An antidote to anger

By August 30, 2015 No Comments


Ultimately, it is meditation that helps you dissolve anger. It pre-empts disappointments we might experience, by having no expectations of others, says CHRISTOPHER MENDONCA.The foundations of the Christian Contemplative tradition date back to the early centuries of Christianity when men and women sought to reorder their lives which had been torn apart and scattered in various directions by the disordering of their emotions. Harking to the deserts of Egypt and Syria, these Desert Fathers and Mothers realised that there were fixed emotional patterns into which their emotions, feelings and states of mind had become embedded.It manifested itself in compulsive cycles of behaviour which took away their freedom and made them dysfunctional.One of the principal faults they encountered was anger. It is perhaps one of the more visible signs of an internal dysfunction and hence there is greater attention paid to dealing with it. Most often, we approach anger as a symptom that causes us much discomfort,especially in our relationships with others. Uncomfortable with the scars it leaves on our psychological countenance, we are sometimes content to apply the equivalent of ‘facial creams’ so that we continue to look ‘fair and lovely’.The anger is often internalised, the outcome of an injunction not to manifest it as part of good manners.When it continues to fester and destroy our physical and psychological health from within,we see the need to get it out of our system.Counselling and therapy then suggest that we must learn to express it, albeit in socially acceptable ways.

The Dalai Lama in conversation with Howard Cutler in his book suggests that if you simply get more and more used to leaving emotions unchecked, letting them happen and just keep expressing them, this usually results in their growth,not their reduction.We cannot overcome anger and hatred simply by expressing them.We need to actively cultivate antidotes to hatred — patience and tolerance.The Dalai Lama’s traditional wisdom is completely consistent with scientific data. Zillmann at the University of Alabama has conducted experiments demonstrating that angry thoughts tend to create a state of physiological arousal that makes us even more prone to anger. Anger builds on anger and as our state of arousal increases,we are more easilytriggered by anger provoking environmental stimuli.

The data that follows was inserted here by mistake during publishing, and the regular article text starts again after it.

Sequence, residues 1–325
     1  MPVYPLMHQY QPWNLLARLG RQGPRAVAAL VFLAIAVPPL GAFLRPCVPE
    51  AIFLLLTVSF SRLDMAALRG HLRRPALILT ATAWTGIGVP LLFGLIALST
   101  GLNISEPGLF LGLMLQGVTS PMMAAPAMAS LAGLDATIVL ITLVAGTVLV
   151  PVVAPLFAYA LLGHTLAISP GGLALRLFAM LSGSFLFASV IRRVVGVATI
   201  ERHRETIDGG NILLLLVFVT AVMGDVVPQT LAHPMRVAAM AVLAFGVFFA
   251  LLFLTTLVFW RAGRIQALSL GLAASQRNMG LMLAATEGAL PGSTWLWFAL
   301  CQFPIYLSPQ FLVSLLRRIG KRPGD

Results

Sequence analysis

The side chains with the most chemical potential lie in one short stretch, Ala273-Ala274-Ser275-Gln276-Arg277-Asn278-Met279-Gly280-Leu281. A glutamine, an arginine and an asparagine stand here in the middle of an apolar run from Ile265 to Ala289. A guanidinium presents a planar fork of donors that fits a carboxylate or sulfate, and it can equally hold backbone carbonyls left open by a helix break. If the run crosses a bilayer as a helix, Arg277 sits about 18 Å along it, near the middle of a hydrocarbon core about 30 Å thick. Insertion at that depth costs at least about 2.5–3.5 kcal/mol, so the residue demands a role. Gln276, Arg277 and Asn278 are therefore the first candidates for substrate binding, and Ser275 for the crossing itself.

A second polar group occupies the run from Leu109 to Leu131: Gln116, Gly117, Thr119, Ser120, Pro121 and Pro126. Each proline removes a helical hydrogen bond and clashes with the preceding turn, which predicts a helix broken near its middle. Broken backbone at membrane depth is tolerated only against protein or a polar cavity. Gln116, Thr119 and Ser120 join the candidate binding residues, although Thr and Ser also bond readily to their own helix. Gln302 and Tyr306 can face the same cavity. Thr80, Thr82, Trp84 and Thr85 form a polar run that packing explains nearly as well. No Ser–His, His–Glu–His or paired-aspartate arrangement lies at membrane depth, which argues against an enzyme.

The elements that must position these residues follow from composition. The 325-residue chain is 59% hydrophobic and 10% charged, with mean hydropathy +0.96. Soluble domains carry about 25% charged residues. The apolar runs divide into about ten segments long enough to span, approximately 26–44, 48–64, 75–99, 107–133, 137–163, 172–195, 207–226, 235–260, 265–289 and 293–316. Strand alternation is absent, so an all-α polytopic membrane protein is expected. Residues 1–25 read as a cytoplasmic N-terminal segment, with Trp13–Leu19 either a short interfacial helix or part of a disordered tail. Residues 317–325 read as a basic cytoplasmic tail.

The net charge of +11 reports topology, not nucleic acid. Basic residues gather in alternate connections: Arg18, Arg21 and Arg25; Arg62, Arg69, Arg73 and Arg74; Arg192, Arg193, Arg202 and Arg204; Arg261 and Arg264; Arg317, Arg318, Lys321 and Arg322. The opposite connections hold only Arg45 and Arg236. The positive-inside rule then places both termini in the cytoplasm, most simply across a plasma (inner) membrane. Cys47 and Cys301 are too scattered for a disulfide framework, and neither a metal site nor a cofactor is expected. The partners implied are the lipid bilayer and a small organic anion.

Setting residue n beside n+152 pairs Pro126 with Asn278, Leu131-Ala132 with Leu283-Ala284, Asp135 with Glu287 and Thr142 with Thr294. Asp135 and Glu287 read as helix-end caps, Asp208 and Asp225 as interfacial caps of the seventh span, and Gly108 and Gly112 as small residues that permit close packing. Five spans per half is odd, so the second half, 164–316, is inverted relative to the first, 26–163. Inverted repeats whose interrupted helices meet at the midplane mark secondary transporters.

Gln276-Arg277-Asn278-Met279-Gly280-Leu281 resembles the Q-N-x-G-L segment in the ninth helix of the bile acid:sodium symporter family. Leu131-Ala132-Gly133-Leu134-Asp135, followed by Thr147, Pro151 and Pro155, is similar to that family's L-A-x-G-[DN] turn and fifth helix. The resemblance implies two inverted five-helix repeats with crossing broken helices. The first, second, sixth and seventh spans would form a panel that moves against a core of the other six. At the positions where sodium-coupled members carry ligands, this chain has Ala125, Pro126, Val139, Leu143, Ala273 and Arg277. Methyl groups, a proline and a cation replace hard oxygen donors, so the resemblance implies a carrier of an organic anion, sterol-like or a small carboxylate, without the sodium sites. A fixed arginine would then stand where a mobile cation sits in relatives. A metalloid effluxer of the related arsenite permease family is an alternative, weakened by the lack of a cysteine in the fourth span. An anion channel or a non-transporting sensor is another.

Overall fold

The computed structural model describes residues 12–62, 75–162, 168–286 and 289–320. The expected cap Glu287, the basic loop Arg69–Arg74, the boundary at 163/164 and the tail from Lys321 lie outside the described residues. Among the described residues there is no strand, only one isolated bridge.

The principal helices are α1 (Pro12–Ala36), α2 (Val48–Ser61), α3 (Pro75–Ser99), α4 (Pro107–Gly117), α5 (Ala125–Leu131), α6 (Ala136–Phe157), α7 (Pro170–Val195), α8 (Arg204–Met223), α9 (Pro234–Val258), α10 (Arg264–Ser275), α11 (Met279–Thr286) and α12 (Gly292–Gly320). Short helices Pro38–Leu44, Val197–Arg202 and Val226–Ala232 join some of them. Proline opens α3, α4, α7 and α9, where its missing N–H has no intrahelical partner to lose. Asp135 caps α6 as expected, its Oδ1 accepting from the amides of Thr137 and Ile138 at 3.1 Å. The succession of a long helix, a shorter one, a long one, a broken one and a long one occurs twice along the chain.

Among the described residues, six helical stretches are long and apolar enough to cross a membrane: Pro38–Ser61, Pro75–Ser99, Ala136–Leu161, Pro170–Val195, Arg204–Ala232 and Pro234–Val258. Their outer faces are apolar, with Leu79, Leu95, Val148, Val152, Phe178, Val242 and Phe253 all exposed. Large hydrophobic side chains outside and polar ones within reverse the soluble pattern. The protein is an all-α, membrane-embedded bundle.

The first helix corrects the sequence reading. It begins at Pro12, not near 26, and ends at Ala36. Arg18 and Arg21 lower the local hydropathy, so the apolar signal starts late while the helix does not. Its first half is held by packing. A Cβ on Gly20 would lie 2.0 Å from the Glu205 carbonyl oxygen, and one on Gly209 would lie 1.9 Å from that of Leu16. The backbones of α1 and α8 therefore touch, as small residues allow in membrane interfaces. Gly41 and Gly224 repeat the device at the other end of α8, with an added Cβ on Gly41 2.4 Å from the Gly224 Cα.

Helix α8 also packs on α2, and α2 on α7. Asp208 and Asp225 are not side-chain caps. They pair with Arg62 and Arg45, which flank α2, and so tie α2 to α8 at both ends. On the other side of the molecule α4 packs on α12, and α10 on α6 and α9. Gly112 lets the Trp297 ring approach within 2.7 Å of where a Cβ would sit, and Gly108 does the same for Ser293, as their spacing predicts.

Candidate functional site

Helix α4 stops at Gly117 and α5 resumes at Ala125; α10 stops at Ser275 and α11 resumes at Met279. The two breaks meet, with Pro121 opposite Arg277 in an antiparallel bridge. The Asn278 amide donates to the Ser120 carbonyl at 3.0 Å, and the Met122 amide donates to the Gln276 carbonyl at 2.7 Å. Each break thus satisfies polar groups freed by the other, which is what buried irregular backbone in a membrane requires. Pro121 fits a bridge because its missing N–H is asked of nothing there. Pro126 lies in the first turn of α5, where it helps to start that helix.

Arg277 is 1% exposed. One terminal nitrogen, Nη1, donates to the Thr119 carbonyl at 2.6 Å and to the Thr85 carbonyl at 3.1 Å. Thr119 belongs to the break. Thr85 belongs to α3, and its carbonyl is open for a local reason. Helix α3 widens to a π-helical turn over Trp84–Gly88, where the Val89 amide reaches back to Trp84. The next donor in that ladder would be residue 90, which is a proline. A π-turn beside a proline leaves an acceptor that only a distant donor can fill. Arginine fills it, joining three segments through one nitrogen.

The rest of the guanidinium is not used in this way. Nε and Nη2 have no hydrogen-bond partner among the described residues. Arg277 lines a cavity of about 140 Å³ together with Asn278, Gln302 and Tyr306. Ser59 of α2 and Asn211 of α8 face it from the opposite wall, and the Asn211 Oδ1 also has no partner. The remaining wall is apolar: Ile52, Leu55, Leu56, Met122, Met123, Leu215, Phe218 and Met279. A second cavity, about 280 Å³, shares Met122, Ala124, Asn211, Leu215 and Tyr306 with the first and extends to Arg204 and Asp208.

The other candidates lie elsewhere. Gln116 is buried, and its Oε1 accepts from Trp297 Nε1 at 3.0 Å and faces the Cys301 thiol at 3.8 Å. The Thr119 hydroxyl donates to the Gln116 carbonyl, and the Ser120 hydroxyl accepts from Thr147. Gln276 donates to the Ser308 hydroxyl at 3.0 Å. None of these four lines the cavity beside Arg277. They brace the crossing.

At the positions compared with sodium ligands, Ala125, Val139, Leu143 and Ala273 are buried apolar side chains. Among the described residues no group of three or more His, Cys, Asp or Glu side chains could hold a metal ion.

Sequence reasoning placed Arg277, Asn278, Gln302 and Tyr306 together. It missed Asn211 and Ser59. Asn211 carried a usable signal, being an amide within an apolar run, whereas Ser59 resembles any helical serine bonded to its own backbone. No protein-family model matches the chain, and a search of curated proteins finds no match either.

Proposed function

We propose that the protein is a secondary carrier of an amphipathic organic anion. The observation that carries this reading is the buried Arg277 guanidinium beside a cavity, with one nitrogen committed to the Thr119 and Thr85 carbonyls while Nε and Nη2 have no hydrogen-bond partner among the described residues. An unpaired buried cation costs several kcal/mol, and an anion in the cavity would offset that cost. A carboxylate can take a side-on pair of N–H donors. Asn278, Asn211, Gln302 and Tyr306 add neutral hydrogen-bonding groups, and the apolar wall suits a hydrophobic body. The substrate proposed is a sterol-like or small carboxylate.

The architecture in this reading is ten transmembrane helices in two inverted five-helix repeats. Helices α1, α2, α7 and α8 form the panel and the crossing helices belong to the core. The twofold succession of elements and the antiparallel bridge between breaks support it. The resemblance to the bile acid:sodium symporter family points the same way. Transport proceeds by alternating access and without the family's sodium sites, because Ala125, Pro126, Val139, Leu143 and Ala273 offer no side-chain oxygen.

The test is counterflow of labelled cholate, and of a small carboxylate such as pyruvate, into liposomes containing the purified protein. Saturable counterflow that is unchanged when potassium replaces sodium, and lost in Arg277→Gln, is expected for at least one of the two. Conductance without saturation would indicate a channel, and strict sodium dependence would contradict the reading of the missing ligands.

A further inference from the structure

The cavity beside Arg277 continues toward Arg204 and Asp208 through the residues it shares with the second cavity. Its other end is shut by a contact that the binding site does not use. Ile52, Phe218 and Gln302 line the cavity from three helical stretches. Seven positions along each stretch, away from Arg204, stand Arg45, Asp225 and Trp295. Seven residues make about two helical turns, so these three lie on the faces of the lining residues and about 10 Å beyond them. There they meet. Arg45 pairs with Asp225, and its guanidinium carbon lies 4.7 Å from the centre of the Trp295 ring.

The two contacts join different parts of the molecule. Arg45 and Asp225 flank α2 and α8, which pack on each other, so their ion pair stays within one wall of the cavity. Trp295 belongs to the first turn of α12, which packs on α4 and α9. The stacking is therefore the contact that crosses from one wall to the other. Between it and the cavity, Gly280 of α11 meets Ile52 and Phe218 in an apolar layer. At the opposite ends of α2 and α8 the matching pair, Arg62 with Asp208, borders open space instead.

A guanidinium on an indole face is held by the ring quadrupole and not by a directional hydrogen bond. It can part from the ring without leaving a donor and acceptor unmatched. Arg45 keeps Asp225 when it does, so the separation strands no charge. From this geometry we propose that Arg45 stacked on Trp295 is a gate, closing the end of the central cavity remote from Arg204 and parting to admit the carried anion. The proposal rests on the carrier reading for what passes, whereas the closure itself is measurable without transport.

The Desert Fathers and Mothers of early Christianity saw anger in the context of the basic Gospel premise to love our neighbour.They were astute psychologists but worked on a model of the human person that had a spiritual dimension and within that spiritual dimension there fore, a sense that life had an ultimate goal.We are primarily spiritual beings who happen to be human. Life has an ultimate goal beyond the immediate acquisition of happiness and in this context, anger is much more than an emotion that has to be ‘controlled’.Anger prevents us from truly loving others.

The way we learn to love others is to learn to withdraw our projections on them.We often project on to people our expectations of them and think that because they have met our particular need,they are likely to do so always. Building up our image of them we construct and impose on them an illusion,a supposed reality of our own making.We are obviously angry and feel let down when the illusion is dispelled.As Laurence Freeman a Benedictine monk says:“To love others,we cannot condemn them to playing out the roles of our idealised projections”.

Withdrawing those projections is a step towards maturity and something we learn through the practice of meditation. The practice of meditation in Christian Meditation taught by the Desert Fathers and Mothers involves setting aside the images we have of God through the faithful recitation of a single verse, word, a mantra. It is a subtle process of de-mythologising our understanding of God.But if as Christian biblical theology proposes, we are made in the image and likeness of God,then this process needs to be extended to our neighbour as well. If, in meditation, we learn to experience God beyond words,thoughts,images then surely it follows that we must experience the indwelling of God in our neighbour in the same vein.Relationship is thus subtly being transformed into union. Eros mutates into Agape.

Meditation is the antidote to anger. It pre-empts any disappointment we might experience, by having no expectations of others. The encounter with our neighbor thus becomes a common ground we share and not a battleground of two egos, each struggling to assert its superiority. It closes the door to depression which is often the result of accumulated anger turned in on itself.It also prevents this at the other extreme, from becoming the genesis of violence.

Meditation at its root is a de-powering of the ego, not an overpowering of it. It is necessarily nonviolent in nature. Unresolved anger in a strong assertive and aggressive ego is the basic ingredient of a recipe for violence; in a weak, insecure and low-level ego, it is the harbinger of depression. We owe it to ourselves to be wholesome individuals and to make the world around us a safer place.

An antidote to anger1